Tenco is one of New Zealand’s largest exporters of forest products. We have built to this position since 1991 when the company was set up to export lumber to growing Asian export markets. Experience and reputation count; from small beginnings Tenco has become the largest independent exporter of New Zealand lumber and New Zealand’s 4th largest log exporter. Tenco has a regular shipping program of their own log vessels and in combination with these and other ships currently calls at 7 New Zealand ports (5 North Island and 2 South Island).
Tenco buys standing forests. Tenco regularly buys smaller tracts of forest to harvest immediately or immature forests to hold until harvest time. A deal with Tenco is a certain transaction. The owner and Tenco will agree on a value of the tree crop and then Tenco will pay this amount to the owner either in a lump sum amount or on rate per volume unit out-turn from the forest depending on the nature of the tree crop.
Tenco is actively interested in buying harvestable forests or trees from areas including all the North Island (except the Gisborne and East Coast districts) and Nelson & Marlborough in the South Island .
If you own a forest in this area (16 years and older) and are ready to enter into this kind of agreement Tenco is interested to develop something with you.
Please contact: Josh.Bannan@tenco.co.nz
Work: +64 7 357 5356 Mobile: +64 21 921 595 www.tenco.co.nz
EDS attack on forestry ignores threat of climate change
The forest industry is calling a media statement from the Environmental Defence Society an ill-informed rant against forestry which ignores the threat of climate change.
Forest Owners Association President, Phil Taylor, says he would not have expected what amounts to a denial of the significance of climate change from an environmental organisation.
“EDS acknowledges the need to address climate change. But then EDS condemns the central role plantation forests must play over the next three decades if we hope to get New Zealand to carbon neutral.”
“At the moment, our forests offset a full third of all New Zealand industry and agriculture emissions. As we head to the critical next three decades of the global fight against climate change, our forests will be even more important.”
Phil Taylor says the huge challenge to reduce greenhouse gas emissions at source is vital.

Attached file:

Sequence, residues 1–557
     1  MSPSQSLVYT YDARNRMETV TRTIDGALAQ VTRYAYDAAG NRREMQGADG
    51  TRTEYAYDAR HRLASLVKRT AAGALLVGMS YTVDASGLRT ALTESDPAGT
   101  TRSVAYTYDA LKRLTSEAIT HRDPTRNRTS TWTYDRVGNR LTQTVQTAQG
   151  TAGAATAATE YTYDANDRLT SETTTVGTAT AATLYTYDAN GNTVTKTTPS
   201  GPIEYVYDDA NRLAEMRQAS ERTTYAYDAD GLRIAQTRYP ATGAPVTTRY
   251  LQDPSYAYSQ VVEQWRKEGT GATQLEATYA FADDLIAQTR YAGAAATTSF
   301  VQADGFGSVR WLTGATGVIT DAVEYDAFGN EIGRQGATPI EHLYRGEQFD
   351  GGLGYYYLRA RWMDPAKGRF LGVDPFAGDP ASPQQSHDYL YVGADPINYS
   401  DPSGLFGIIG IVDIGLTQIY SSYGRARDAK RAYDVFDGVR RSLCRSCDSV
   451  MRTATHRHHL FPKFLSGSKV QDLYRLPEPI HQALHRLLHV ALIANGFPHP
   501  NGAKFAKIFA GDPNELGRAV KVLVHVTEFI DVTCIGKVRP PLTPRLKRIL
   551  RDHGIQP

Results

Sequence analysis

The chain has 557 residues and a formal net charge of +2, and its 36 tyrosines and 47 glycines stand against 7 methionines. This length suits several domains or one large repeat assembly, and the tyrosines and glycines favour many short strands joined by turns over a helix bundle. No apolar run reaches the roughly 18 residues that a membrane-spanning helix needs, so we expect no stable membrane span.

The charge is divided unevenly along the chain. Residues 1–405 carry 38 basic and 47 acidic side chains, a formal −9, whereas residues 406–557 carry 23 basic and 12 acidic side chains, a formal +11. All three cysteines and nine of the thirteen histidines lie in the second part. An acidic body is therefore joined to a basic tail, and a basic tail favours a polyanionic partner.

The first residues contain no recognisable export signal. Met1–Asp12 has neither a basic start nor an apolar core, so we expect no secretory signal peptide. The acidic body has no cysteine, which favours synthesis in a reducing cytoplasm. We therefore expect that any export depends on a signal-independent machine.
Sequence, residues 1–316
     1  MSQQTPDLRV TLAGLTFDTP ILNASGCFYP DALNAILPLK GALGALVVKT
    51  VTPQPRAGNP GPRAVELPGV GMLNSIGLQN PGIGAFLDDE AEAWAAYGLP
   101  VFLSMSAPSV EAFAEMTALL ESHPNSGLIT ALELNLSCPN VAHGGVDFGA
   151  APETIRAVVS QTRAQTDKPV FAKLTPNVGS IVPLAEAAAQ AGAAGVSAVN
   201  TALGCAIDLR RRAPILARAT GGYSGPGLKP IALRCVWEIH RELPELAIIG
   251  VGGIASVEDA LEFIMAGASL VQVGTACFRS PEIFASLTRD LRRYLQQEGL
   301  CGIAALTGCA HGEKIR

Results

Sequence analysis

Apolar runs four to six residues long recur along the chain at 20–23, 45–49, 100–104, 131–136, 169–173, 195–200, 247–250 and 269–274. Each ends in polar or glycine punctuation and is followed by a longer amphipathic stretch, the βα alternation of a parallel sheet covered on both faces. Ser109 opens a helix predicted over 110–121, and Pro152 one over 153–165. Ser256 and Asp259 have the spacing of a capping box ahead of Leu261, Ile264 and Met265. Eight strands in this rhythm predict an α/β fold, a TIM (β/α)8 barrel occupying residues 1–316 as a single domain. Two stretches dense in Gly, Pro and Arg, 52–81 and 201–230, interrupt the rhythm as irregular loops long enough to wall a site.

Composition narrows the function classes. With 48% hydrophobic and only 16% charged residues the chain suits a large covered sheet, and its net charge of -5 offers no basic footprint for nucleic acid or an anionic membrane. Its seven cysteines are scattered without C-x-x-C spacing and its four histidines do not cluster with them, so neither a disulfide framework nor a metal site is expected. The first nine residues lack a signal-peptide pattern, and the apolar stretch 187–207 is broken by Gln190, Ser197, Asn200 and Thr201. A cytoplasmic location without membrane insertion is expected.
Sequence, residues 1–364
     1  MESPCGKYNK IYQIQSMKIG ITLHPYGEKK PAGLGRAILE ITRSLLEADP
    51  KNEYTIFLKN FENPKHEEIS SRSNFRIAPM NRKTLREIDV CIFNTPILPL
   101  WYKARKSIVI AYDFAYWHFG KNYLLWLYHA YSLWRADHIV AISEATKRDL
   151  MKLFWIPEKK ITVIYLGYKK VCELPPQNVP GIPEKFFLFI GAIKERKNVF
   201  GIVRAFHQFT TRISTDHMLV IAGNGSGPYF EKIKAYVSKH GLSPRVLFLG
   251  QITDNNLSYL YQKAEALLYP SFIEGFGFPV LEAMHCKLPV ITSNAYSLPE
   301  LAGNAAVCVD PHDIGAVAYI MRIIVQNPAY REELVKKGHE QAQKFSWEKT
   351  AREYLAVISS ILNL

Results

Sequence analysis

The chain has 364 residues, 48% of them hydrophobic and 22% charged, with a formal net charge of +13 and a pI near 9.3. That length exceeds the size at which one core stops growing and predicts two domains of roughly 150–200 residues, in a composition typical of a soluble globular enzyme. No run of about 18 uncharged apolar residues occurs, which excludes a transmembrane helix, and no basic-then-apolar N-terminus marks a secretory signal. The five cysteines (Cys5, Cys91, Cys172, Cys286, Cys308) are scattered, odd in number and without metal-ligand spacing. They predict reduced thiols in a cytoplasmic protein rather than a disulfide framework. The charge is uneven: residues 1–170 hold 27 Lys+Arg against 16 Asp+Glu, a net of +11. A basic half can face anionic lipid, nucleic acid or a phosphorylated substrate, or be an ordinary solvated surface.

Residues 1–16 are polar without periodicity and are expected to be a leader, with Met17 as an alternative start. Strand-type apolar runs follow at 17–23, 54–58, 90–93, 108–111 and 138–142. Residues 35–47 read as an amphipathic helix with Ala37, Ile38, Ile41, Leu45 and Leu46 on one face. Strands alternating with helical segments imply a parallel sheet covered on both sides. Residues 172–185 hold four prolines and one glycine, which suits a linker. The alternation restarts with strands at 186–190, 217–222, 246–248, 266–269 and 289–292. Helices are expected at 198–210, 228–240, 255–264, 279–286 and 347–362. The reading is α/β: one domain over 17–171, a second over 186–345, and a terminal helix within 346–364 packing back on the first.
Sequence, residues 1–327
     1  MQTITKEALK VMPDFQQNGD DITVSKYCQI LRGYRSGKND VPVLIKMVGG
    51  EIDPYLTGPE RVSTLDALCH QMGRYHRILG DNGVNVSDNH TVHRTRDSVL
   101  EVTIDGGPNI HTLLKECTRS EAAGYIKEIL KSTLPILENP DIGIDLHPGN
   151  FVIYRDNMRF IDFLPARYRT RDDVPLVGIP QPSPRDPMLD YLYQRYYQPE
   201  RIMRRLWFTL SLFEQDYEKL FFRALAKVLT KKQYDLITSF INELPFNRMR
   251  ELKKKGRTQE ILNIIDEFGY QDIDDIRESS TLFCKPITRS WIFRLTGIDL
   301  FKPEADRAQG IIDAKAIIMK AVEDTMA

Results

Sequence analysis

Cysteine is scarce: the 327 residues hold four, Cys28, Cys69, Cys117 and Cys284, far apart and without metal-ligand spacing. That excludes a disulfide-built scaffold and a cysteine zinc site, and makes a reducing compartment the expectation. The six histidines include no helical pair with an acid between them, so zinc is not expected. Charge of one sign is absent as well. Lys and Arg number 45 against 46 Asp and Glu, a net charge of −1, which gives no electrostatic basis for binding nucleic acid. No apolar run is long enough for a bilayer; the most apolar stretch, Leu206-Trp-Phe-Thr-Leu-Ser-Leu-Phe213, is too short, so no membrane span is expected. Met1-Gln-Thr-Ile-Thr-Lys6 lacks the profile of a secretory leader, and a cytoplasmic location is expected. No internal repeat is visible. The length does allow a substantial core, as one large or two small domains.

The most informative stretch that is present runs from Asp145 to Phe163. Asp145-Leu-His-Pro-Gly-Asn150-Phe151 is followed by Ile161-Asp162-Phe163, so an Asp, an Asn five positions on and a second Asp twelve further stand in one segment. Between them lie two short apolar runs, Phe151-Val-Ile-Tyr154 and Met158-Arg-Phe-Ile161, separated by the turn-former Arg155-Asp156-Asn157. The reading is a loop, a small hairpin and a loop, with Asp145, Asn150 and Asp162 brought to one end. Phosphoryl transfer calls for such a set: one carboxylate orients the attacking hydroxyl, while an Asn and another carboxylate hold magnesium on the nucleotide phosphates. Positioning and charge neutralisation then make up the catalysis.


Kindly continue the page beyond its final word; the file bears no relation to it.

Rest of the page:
“But without fast growing plantation trees filling the carbon gap the task would be politically and technically impossible”.
“Without more exotic forest plantings, farmers would have to severely cut back on their stocking rates to compensate. Their production would fall. Does the EDS want that?”
Phil Taylor says the EDS suggestion to plant more native trees for carbon sequestration may make sense - but only in the long term.
“The climate scientists tell us we need real action now to avoid a runaway catastrophe.”
“We don’t have long enough to wait for native trees to lock up carbon from the atmosphere. Pines and eucalypts do it in years. Even the fastest growing indigenous trees take decades.”
“Indigenous forest carbon sequestration hardly registers by 2050. It can only become significant in the 22nd century.”
“To change the Emissions Trading Scheme to favour carbon in native trees, as the EDS wants, flies in the face of science and jeopardises any attempts to get New Zealand to Carbon Zero by 2050”.
Phil Taylor says the EDS complaint about foreign investment in forestry is also misplaced.
“EDS claims of unspecified ‘vast swathes’ of overseas investment reads as cheap xenophobia.”
“Most overseas interests in forestry in New Zealand earn no carbon credits. Forests earn their own way economically.”
“Forests are also vital for the developing bio-economy in New Zealand to replace unsustainable use of petrochemical derived products.”
“And it can be done over a small area. It’s not ‘swathes’ as EDS would have us believe. The 380,000 extra hectares of new planting the Climate Change Commission envisages would take less than four percent of the current hill country farm estate out of farming – and the least productive farmland at that.”
Phill Taylor says large and small exotic forests harbour substantial intrinsic biodiversity, contrary to EDS’s claim.
“EDS says it supports farming, while it attacks forestry. The fact is that there is at least as much indigenous habitat in our forests as there is on farmland.”